What are the benefits of registering my trademark?
When speaking about the registration of trademarks, one is generally referring to a federal registration with the United States Patent and Trademark Office. There are several important benefits which you get by registering your trademark on the Principal Register with the Patent and Trademark Office:
(1) Once your mark is registered, it provides constructive notice throughout the nation that you own the trademark - that is, everyone in the country is assumed to know that you own the trademark and have exclusive rights in it, even if they do not actually know this;
(2) Once your mark is registered, it is presumed to be valid, and you are presumed to be the owner of the trademark with exclusive rights nationwide. When your trademark becomes incontestable, these presumptions actually become conclusive, which means that nobody is permitted to argue that your trademark is not valid or that you are not the proper owner (these are arguments that might come up, for example in a lawsuit claiming trademark infringement).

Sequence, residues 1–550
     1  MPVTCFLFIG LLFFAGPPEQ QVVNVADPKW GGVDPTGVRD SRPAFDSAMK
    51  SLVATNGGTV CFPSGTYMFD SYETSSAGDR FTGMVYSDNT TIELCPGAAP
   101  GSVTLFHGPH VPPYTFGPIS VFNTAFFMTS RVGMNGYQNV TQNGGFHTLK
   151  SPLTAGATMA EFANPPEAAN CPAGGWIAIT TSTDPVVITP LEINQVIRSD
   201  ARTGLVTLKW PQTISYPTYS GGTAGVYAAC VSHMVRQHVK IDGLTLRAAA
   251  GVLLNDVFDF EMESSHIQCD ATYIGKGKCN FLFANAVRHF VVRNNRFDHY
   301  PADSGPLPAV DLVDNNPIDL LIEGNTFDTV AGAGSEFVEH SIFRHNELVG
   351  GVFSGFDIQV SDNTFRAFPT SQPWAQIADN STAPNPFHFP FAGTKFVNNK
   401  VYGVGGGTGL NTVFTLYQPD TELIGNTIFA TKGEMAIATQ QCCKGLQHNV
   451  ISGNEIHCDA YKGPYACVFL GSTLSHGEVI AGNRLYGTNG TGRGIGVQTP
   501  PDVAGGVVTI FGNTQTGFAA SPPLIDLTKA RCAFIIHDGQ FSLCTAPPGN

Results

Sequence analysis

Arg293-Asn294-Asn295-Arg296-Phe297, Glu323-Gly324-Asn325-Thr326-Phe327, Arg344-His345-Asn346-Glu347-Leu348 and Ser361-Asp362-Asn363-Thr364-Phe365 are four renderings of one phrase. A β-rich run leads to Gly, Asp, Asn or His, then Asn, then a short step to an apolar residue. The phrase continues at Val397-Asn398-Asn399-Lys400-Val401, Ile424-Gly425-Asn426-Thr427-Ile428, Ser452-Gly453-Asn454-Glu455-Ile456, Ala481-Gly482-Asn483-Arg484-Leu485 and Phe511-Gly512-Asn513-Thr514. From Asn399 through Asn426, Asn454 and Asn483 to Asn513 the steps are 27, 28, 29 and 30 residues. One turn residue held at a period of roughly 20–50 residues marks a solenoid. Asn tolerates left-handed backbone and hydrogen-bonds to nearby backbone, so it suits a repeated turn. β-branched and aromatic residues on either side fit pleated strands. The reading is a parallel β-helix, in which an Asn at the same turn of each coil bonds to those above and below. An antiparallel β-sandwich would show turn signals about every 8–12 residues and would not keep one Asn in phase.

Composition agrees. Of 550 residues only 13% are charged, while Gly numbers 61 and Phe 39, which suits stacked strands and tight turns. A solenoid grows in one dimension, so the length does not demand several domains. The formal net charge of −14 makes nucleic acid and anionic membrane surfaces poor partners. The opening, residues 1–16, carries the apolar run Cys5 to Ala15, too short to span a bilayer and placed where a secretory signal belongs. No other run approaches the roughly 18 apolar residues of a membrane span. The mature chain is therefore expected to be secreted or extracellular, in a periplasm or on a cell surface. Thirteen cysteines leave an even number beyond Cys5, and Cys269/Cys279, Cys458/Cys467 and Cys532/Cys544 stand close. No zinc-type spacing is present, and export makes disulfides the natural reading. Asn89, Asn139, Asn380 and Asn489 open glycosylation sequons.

(3) Once your mark is registered, you can bring lawsuit in federal court to prevent someone else from abusing your rights (that is, infringing your trademark).
(4) If you succeed in a lawsuit against someone else for trademark infringement, if your mark is registered you will be entitled to monetary damages, and you may be entitled to your attorneys’ fees.
(5) Once your mark is registered, you can file a request with the United States Customs Service to prevent the importation of foreign goods which infringe your trademark rights.
In addition to being able to register with the PTO, a trademark can be registered with any state, pursuant to that state’s own rules and procedures. While the benefits of such state registration vary depending on the laws of the state, the main benefit is that, as with a registration on the Principal Register, a state registration acts as constructive notice to others in the state that the trademark owner has rights in the mark.